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Jesse French, His Sign in the Sky

Album Review


Published December 21, 2011 at 10:05 a.m.


(Self-released, CD, digital download)

Vermont, meet Jesse French. Yes, some may recognize him from his days behind the microphone as guitarist/lead singer in the Burlington-based Neil Young tribute band Ragged Glory. Others may know him from his nascent music-playing days in the Charlotte-born outfit Metameric. But on his first full-length album, Jesse French steps out on his own, showcasing not only his growth as a musician but also his talent for songwriting.

The 10-track His Sign in the Sky was entirely — and impressively — written, performed and recorded by French alone (with the exception of some guitar contributions by father Ken French and Metameric bandmate John Mills). Bass, drums, guitar — it’s all Jesse. That alone would be an accomplishment. But the parts are played well and the songs themselves, in terms of arrangements and lyrics, are quite good. And that underscores what his followers have probably been preaching for years: Jesse French is a musician to watch.

With his experience in Ragged Glory, one might expect a bigger Neil Young influence on His Sign. But, really, the only echo of grunge’s godfather on the album are the ways French mines each song for emotional truth. “On the day that I turn 20, I will be swept away from this Earth / To be replaced by someone who’s been following me around since birth,” French sings on the album opener “Dead Languages.” The tune defies a one-word — or, hell, even one-sentence — thematic description. Is it a love song? A coming-of-age number? A prophecy?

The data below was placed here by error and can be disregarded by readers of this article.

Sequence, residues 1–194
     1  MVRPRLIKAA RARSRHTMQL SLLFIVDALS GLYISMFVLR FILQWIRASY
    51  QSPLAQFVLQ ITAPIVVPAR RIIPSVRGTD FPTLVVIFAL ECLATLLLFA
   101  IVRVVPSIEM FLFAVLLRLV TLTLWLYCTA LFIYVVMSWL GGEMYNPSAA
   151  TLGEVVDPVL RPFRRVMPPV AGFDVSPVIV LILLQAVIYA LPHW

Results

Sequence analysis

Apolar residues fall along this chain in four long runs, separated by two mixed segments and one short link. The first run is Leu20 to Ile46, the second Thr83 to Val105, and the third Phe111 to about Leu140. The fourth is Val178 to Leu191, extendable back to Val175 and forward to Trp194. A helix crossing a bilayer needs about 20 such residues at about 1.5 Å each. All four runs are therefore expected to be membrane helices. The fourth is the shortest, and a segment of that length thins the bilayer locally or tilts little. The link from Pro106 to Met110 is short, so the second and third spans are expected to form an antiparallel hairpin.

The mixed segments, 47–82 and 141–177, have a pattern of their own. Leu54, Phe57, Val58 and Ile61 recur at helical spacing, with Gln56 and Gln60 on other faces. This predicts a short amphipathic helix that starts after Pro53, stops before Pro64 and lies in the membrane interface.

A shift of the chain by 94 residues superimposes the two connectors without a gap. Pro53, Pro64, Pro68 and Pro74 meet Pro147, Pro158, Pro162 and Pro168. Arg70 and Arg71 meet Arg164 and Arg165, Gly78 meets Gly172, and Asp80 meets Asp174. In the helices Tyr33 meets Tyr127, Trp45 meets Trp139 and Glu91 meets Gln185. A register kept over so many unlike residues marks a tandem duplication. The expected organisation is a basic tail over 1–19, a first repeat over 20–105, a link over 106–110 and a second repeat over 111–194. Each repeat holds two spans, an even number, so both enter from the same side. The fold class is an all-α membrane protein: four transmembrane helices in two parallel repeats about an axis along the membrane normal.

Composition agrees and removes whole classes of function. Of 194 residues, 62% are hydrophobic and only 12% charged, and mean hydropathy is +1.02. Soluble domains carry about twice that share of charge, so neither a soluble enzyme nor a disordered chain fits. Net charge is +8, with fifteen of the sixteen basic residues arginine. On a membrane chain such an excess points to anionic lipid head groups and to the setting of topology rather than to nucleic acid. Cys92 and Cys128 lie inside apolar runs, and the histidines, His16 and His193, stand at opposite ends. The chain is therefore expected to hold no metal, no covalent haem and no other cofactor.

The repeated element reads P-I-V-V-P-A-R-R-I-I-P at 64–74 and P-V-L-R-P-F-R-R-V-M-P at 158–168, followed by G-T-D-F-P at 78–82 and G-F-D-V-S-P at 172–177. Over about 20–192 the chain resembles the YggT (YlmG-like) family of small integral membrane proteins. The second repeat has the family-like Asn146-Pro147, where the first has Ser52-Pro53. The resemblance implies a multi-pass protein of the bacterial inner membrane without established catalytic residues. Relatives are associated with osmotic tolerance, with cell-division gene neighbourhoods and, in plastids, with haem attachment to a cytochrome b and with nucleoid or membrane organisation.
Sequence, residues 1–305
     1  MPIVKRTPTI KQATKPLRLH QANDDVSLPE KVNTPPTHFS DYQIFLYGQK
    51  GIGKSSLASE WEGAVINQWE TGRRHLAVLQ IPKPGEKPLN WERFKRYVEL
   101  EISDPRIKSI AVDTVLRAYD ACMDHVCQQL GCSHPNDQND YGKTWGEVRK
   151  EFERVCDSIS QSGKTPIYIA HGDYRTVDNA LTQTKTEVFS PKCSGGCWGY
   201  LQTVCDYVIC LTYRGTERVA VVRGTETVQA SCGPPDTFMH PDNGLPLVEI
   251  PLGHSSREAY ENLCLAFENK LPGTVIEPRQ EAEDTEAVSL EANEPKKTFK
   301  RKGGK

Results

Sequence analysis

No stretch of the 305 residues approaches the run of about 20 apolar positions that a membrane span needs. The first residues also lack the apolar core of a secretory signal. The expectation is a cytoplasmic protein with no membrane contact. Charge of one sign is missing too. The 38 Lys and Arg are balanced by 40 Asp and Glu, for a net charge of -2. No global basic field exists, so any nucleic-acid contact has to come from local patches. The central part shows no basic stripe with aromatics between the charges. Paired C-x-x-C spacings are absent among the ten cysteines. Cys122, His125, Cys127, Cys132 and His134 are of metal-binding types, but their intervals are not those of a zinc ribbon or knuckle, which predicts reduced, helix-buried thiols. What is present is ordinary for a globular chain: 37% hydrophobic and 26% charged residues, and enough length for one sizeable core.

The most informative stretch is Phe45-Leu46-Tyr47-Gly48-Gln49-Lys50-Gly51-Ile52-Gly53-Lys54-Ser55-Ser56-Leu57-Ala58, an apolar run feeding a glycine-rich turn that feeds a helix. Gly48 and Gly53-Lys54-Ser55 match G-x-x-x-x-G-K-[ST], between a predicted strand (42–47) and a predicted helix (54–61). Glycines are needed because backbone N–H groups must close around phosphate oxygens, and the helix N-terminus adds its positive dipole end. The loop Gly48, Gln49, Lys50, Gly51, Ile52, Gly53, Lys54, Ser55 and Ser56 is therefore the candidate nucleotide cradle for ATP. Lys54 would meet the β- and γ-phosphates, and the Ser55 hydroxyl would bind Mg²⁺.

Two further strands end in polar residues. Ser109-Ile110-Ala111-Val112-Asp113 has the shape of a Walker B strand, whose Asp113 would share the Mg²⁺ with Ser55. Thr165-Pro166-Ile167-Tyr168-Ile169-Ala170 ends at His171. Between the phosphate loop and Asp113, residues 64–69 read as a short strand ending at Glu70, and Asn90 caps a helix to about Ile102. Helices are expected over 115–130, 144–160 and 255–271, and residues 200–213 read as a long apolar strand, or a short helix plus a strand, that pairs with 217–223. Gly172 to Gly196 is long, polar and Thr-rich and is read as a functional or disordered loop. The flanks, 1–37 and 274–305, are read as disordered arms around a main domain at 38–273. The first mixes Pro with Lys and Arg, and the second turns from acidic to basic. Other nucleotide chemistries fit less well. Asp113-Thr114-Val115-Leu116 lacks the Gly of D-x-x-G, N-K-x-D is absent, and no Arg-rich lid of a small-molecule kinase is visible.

Like much of the songcraft here, it’s probably a little bit of everything. But it’s pretty damn deep for someone who’s still a college student, even if he is a music major. French writes, sings and performs with a maturity that belies his “young man” status. The banjo-driven “Standing True” has a weepy, slow groove that could easily be the backdrop for an Ani DiFranco song, while the simple acoustic guitar on “Conservation of Matter” leaves space enough for French to apply fundamental principles of physics to matters of the heart. He plaintively croons, “If conservation of matter is true / Then I’ve got all I want, I can stay here with you.”

“I used to listen to him when…” is a phrase reserved for musicians such as French, who are only beginning to discover the depth of their songwriting well. There is a talent at work on His Sign in the Sky that warrants close listening, and close following. This is surely just a taste of what’s to come from Jesse French.

French performs a CD release party show at the Skinny Pancake in Burlington on Friday, December 23.